No stay in Yogyakarta is complete without visiting a pair of ancient temples, both of which are UNESCO world heritage sites. Borobudur, a massive 8th century Buddhist temple, and Prambanan, a 10th century Hindu temple complex, can be visited in one day by car.
We began our day at the more distant Borobodur. The entry station treated us to a free drink and we began our tour with one of the guides they provide for a fee. The temple design is a multilevel structure with basic human desires represented on the bottom and each level above representing a higher level of consciousness until you reach Nirvana at the top. Reliefs carved at each level tell Buddha’s life story. The structure itself is huge but repetitive if you don’t focus on the reliefs. The tour was pretty good and we spent another 30 min walking around taking pictures and trying to achieve total consciousness, so we’d have that going for us. We also checked out two minor temples close by, Mendut and Pawon, both Buddhist and similar in age.
Views of Borobudur temple
The reliefs and carvings
Yay! We reached nirvana
Pawon and Mendut temples
Of course we didn’t get far into our tour before we were assaulted by teenagers in school uniforms hoping to practice their English with westerners. Some had notebooks and conducted free form interviews, and others had slips of paper with predetermined questions. It was actually fun. And of course there was the obligatory picture. The interesting thing was some of the kids just wanted a selfie with the westerner or the white guy. A few shy girls took quick surreptitious shots, but a few just asked politely if G would mind taking a selfie with them. Now G knows what it’s like to be Brad Pitt, minus the money.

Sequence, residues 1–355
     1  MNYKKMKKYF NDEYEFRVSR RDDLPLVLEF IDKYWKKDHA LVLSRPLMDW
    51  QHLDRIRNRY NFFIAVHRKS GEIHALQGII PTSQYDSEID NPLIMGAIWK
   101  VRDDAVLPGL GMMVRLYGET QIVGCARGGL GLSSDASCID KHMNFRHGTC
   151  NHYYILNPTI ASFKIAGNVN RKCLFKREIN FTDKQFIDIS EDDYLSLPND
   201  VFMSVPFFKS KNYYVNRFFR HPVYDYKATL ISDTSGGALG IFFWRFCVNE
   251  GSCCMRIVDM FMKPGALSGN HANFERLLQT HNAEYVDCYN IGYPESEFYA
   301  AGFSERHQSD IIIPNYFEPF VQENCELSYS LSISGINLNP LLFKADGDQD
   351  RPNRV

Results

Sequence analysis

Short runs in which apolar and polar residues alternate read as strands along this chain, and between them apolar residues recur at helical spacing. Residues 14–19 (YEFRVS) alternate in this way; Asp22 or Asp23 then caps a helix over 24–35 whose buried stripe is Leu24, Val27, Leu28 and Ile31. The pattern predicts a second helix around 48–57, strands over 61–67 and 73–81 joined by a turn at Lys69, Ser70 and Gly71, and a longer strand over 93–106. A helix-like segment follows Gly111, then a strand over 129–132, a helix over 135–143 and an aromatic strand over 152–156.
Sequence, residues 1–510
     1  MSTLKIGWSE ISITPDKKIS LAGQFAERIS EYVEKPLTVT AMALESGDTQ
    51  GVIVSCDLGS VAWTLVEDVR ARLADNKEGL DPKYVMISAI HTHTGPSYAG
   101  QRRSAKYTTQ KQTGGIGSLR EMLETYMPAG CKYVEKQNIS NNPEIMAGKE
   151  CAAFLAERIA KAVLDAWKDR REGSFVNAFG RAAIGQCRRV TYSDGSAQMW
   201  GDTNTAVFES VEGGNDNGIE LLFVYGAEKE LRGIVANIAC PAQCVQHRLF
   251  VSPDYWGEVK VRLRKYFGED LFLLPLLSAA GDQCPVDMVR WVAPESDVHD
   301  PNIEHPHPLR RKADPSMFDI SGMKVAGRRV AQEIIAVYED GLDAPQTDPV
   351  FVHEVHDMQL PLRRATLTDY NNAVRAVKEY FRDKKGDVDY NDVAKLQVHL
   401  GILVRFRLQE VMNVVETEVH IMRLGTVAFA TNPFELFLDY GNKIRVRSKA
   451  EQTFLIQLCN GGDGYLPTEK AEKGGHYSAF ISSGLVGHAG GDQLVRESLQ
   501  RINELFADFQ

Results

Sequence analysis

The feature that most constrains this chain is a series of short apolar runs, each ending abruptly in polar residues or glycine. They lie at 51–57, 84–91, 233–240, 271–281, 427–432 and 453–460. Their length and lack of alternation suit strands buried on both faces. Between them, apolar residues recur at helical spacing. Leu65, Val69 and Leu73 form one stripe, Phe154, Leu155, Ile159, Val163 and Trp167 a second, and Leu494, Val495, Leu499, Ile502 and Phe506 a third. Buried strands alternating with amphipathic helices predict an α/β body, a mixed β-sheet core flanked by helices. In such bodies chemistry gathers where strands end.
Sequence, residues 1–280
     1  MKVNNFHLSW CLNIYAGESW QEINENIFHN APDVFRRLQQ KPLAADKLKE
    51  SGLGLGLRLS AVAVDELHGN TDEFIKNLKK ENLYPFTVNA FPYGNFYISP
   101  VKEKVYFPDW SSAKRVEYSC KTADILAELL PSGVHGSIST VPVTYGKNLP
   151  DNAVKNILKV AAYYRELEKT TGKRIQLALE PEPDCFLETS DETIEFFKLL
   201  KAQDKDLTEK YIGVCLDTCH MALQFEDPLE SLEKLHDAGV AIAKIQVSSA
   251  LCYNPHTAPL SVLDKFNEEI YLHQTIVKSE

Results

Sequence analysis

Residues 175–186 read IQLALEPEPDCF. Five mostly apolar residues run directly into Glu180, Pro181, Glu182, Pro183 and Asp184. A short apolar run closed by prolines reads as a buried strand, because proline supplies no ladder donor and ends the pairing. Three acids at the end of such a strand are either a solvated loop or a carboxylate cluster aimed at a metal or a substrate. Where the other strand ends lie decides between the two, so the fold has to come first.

Next we went to Prambanan. The complex is still in the process of being rebuilt but the 6 main structures are up and a few of the many minor ones as well. Our guide informed us that they are being rebuilt at a rate of one per year and that it will take over 200 years to complete the entire job, and that’s with most of the stone blocks still intact. How did they build it in the first place? (They’re not saying it was aliens, but it was aliens.) Like Borobudur, the temples are covered in carved reliefs, in this case telling stories from Hindu mythology. After our tour, we had time to freely explore the temple buildings inside and out. But first, would you mind taking a selfie with me?
Views of Prambanan temples
Statues and reliefs
Two can play the selfie game